By Shehab Show
The current Danish Minister of Immigration, Matthias Tesfaye, declared that his country was "open and honest from the start...We made it clear to the Syrian refugees that their residence permits are temporary, and they can be withdrawn if protection is no longer needed."
Then he said, “We must give people protection for as long as it is needed. But when conditions in the home country improve, a former refugee should return home and re-establish a life there.”
94 Syrian refugees will be sent to Danish deportation camps but will not be forced to leave the country.
Human rights activists criticized this new policy, fearing that the refugees might be pressured to leave and be sent back to the areas controlled by the Syrian regime.
In Germany, refugees with the risk of national security will be sent for deportation, making Denmark the first European nation to tell Syrian refugees to return to their country.
Movements have arose in support of the Syrian refugees, and the hashtag #Syria_not_safe has spread on social media, indicating that people refuse to go back to Syria while the regime is still in power. The U.N. is still pushing for settlement by applying with the 2254 decision.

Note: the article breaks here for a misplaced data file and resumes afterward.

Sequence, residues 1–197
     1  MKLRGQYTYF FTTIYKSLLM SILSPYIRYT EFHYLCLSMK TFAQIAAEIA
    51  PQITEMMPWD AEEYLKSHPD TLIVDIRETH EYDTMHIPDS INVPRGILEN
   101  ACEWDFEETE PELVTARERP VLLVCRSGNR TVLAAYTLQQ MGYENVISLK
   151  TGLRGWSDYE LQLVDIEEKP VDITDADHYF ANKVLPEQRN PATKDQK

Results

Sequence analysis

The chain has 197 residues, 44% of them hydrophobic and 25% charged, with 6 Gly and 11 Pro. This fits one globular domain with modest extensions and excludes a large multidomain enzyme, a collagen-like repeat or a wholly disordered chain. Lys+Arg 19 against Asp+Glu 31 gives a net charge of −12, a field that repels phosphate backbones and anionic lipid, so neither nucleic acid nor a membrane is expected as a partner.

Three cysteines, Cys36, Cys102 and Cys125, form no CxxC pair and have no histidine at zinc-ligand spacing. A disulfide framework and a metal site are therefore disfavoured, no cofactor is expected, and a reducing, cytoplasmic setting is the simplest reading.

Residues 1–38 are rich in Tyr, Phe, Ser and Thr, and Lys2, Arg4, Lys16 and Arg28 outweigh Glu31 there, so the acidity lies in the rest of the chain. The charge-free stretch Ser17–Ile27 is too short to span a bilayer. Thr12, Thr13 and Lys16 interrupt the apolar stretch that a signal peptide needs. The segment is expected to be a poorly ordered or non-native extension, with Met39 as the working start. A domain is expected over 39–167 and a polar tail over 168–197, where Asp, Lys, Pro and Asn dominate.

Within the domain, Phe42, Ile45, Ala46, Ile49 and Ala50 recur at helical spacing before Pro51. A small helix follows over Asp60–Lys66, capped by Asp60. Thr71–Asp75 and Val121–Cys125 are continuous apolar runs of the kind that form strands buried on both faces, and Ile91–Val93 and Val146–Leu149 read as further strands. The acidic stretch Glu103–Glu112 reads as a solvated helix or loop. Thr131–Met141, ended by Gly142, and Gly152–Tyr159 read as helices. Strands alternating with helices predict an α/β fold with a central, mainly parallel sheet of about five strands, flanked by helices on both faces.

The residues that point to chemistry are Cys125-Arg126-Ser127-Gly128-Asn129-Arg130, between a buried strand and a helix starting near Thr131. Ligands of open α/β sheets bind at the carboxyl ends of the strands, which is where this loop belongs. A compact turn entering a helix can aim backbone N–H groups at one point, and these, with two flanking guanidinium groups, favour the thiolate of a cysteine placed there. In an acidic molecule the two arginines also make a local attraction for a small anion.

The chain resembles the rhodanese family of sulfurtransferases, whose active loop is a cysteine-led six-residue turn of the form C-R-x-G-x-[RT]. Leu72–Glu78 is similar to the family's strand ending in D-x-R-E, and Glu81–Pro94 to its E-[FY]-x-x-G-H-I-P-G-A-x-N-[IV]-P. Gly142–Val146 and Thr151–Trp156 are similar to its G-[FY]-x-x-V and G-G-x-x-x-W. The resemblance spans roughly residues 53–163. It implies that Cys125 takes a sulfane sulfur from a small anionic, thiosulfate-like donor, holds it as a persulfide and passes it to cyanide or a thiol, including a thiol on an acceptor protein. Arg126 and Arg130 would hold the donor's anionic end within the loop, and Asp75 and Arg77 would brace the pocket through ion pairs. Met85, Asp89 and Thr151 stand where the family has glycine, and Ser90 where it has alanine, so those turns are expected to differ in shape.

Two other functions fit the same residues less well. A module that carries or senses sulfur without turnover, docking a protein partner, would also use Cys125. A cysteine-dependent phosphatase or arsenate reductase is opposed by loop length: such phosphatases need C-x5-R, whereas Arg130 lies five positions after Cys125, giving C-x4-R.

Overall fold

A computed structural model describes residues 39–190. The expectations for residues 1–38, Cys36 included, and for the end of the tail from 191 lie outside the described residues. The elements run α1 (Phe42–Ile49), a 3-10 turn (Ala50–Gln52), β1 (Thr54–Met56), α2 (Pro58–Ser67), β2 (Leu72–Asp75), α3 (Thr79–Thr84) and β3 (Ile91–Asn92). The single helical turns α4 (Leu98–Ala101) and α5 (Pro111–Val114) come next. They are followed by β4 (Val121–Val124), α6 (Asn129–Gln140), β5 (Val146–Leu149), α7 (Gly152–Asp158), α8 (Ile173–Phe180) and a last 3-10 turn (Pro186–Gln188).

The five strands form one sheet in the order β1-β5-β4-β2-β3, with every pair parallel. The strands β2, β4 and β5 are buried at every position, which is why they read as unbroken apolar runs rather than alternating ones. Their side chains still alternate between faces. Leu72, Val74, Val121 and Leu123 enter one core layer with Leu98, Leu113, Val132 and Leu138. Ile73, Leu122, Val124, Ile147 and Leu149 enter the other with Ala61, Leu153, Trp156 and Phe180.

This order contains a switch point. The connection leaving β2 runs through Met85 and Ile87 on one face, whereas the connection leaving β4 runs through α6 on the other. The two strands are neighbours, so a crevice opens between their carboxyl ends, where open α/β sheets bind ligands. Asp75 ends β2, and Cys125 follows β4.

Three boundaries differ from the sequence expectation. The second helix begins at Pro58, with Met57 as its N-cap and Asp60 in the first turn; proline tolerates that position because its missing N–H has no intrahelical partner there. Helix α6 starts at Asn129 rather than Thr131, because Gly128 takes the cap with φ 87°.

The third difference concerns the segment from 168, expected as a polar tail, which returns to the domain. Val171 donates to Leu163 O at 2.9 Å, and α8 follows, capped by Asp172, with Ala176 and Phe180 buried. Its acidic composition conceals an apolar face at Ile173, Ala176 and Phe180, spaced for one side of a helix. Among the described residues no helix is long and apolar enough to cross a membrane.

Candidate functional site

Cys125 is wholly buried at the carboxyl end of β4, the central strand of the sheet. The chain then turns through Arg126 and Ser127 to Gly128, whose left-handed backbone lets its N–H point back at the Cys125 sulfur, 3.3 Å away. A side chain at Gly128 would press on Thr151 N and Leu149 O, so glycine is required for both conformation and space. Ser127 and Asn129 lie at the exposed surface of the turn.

Turkish President Recep Tayyip Erdogan emphasized earlier that deportation should be voluntary.
It has been ten years since the start of the Syrian civil war, causing an economic depression in the country, which has worsened exceedingly in the past year. The Syrian pound has lost four times its currency worth since the beginning of 2020, while COVID-19 cases skyrocketed due to no action by the Syrian government to combat it and its effort to arrest and torture thousands who protest or even complain about the situation.
According to the U.N., more than 80% of the Syrian population is under the poverty line, and it lists Syria as one of the most corrupt countries in the world.